Satellite images of phytoplankton blooms on the surface of the ocean often dazzle with their diverse colors, shades and shapes. But phytoplankton are more than just nature’s watercolors: They play a key role in Earth’s climate by removing heat-trapping carbon dioxide from the atmosphere through photosynthesis.
Yet a detailed account of what becomes of that carbon—how much of it goes where within the Earth and for how long—has beset scientists for decades. So while NASA’s Earth-observing satellites can detect the proliferation and location of these organisms, the precise implications of their life and death cycles on the climate are still unknown.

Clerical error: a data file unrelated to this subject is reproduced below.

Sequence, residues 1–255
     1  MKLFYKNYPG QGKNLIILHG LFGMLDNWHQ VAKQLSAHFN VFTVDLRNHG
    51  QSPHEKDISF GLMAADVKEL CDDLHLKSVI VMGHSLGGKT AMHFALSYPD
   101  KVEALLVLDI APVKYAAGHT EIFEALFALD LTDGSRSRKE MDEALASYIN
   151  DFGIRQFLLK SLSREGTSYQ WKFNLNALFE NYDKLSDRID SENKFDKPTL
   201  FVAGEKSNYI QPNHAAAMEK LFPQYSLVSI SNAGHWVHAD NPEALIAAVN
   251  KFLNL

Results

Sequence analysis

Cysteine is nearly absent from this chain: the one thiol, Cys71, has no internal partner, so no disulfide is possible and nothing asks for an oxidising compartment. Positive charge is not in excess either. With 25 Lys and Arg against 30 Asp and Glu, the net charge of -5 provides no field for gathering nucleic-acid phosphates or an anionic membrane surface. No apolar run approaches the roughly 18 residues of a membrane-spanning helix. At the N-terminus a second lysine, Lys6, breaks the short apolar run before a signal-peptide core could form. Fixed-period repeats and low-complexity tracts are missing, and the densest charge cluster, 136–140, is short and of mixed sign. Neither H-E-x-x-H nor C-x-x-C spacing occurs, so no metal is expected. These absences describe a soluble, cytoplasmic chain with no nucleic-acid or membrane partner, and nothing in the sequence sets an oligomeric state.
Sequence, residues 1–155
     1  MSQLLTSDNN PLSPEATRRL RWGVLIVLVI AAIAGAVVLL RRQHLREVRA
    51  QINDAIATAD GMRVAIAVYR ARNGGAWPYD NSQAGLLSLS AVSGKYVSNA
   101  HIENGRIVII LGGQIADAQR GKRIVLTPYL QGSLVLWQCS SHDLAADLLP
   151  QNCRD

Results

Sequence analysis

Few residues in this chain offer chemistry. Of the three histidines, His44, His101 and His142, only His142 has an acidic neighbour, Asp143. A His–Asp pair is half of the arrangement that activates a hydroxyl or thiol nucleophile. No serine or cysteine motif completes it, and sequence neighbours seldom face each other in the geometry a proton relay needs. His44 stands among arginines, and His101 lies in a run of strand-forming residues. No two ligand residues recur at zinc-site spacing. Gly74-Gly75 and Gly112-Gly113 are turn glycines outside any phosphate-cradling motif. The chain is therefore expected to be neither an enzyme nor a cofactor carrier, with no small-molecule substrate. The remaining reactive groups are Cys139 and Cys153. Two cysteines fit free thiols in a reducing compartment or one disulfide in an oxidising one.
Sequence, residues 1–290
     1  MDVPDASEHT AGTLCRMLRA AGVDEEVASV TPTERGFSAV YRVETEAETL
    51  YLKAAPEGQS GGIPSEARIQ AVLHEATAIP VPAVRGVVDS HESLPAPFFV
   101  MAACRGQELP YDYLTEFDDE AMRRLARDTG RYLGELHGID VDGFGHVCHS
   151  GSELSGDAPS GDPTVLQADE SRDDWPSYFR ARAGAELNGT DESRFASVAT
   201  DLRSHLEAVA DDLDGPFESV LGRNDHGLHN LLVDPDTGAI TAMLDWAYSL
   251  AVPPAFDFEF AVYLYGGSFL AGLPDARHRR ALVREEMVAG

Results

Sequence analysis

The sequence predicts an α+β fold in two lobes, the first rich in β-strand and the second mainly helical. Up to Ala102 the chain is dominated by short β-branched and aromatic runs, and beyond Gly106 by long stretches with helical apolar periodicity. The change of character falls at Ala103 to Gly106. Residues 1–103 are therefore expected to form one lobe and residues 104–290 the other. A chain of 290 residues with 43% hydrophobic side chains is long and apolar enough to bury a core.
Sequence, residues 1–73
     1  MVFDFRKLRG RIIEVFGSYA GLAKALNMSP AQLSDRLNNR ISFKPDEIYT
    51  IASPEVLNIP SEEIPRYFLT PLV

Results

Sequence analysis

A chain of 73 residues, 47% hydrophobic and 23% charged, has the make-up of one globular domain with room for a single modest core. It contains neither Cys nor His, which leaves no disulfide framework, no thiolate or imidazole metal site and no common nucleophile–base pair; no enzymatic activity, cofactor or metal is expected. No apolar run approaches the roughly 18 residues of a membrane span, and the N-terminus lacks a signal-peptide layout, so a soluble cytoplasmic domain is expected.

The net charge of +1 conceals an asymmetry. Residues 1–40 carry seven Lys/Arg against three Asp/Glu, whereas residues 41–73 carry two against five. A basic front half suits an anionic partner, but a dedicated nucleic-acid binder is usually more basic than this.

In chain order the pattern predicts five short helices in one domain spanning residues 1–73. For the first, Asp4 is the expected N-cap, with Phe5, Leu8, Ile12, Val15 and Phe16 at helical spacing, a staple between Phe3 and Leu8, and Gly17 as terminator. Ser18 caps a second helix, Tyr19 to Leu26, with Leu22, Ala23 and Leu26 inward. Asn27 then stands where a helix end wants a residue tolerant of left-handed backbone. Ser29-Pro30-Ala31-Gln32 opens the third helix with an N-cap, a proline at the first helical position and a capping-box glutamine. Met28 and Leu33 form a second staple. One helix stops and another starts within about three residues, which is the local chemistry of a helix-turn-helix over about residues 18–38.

To answer those questions, a large multidisciplinary team of scientists is sailing 200 miles west from Seattle into the northeastern Pacific Ocean with advanced underwater robotics and other instruments on a month-long campaign to investigate the secret lives of these plantlike organisms and the animals that eat them.
NASA and the National Science Foundation are funding the Export Processes in the Ocean from Remote Sensing (EXPORTS) oceanographic campaign. With more than 100 scientists and crew from nearly 30 research institutions, EXPORTS is the first coordinated multidisciplinary science campaign of its kind to study the pathways, fates and carbon cycle impacts of microscopic and other plankton using two research vessels, a range of underwater robotic platforms and satellite imagery.